Finally, after spending 4 days on the road to get to the Continental Divide we pulled into AP’s ranch 25 miles from the border. Not knowing if we were going on the correct road even after traveling miles we arrived at the working cattle ranch. It was hard to believe that cattle could even exist in such a desolate and forbidding place. The ranch has miles of Mexican border frontage and the Continental Divide Trail goes right through it. We settled right in with AP’s mom greeting us. K his wife arrived later and we planned the trip for tomorrow.
Driving to the border was a real experience with Kay using their worry free rig which had seen many hard miles of these back roads.
We snapped a few photos and left the border as quickly as possible since area was known for drug crime.
Saddling up a half mile back we started our 783. mile journey with both horses fresh and acting like they were half broke.
Heading toward the Big Hatchet Mountains we followed K’s advice and went cross country bushwhacking our way towards Mengus Well which K told us was dry but I used it as a landmark to head towards Newe Well which was our first water stop about 6 or 7 miles from the border. There were a few cattle resting around and not much else. The horses drank and we pushed on to our 3rd well: High Lonesome which was perfect for a lunch break. 20.40 miles got us to the ranch wind and sun burned with the dry desert sand blowing at 40 or better miles an hour for the last 5 miles.
Check out our Google earth location: http://maps.google.com/maps?f=q&hl=en&geocode=&q=31.49458,-108.21057&ll=31.49458,-108.21057&ie=UTF8&z=12&om=1
K and AP trailered us to Hachita Peak Road so we could avoid the F/S horse gates which were left with sharp edges and no way for a horse to pass safely without cutting his legs. Our first stop was to be Howell Spring at the recommendation of the rancher who leased the surrounding area. After 8 dry miles the horses needed some water since the wind blew dry and constant. We pulled off trail 1½ miles to find it dry but only 3 miles further was a private water tank with water flowing right from the pump into a pond. The horses each drank fresh water and I was able to fill up my canteen. Just as we finished the pump turned off and if we had arrived any later we would have had to have the horses drink out of a much fouled pond.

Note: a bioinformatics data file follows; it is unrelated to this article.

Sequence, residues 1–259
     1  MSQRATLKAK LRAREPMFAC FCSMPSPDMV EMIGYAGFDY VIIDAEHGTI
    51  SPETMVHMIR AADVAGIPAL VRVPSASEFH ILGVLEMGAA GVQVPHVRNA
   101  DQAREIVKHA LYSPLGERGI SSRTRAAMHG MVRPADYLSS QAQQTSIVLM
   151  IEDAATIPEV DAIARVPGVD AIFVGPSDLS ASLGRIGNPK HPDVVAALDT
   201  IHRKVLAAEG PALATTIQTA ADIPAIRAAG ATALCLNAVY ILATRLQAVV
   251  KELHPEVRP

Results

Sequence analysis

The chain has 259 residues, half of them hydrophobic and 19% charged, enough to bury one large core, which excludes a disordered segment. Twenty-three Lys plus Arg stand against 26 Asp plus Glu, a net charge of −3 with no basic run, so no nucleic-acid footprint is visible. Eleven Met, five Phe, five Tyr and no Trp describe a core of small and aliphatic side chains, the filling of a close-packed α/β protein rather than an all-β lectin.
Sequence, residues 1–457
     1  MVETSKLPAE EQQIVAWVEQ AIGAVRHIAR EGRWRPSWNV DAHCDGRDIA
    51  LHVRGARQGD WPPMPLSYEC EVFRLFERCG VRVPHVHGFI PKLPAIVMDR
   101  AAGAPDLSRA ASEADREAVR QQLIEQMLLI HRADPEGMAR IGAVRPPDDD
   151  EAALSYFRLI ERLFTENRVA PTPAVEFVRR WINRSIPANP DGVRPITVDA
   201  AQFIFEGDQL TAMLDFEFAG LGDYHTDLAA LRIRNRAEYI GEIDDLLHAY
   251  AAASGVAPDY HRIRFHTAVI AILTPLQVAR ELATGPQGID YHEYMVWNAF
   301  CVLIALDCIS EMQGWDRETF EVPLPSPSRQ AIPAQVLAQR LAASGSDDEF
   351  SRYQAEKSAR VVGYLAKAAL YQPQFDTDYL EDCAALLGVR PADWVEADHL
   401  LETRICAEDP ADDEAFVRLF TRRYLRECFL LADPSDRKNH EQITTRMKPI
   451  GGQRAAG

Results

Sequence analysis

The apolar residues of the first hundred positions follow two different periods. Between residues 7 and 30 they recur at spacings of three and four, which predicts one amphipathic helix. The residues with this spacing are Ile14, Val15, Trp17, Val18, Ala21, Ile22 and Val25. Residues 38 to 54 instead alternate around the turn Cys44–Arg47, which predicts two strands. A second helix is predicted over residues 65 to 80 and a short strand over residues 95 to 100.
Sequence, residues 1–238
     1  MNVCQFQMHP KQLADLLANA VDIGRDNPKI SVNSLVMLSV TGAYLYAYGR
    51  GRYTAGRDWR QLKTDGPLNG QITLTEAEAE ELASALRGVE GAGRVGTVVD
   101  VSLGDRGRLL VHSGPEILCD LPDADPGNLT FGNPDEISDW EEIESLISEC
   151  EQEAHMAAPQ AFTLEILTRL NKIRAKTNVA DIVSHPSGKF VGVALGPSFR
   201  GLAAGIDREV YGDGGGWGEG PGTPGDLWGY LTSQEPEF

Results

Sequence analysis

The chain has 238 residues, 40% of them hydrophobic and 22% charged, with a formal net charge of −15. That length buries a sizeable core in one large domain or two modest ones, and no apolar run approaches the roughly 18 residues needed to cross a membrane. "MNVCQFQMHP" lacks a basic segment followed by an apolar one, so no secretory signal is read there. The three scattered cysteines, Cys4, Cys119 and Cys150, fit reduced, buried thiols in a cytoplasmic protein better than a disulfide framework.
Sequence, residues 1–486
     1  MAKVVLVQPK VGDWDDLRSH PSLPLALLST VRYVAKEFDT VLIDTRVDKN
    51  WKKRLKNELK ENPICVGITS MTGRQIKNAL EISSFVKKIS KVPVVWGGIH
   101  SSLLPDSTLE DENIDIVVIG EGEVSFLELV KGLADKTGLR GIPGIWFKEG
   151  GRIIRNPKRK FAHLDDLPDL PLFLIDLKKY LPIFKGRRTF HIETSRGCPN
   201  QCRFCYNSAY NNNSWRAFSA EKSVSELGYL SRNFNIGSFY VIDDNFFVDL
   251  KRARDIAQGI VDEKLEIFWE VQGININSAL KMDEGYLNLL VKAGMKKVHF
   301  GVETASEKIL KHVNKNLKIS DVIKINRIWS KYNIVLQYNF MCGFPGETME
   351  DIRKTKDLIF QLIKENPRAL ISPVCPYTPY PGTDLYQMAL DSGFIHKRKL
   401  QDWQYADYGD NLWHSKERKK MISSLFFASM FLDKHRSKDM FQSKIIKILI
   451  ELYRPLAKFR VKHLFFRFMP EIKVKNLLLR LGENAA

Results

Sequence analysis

At 19.75 miles we arrived at our rigs left there by K and AP.
With just 13.2 miles to do from Hwy 9 to Hwy 113 we allowed ourselves a late start. This turned out to be a mistake since the first water source was dry but we left the trail for 1.75 miles to get to H. Spring which was dry and had been for a good bit. The location of the spring was scenic along a creek and someone had built a stone enclosure to hold the water but today it held nothing but dried mud. Getting back on the CDT we went another 3 miles to the first good water source and arrived while the pump was still pumping which allowed us to get fresh, clean water for both horses as well as ourselves. The scenery was strangely beautiful but the sun and wind worked havoc on our skin. We rode on for many miles until we got to a fence with no sign of a gate. I rode towards a water tank which appeared to be a couple of miles away and Sandy rode off in the other direction. Luckily, the tank had access from all the surrounding pastures and we were able to get through after struggling with the gates. Just as we were about to head to the trailer Sandy said she left her keys back at my truck some 19 miles earlier! The unforeseen bends and turns of our trip were just beginning and within a moment a police car drove up and slowed down.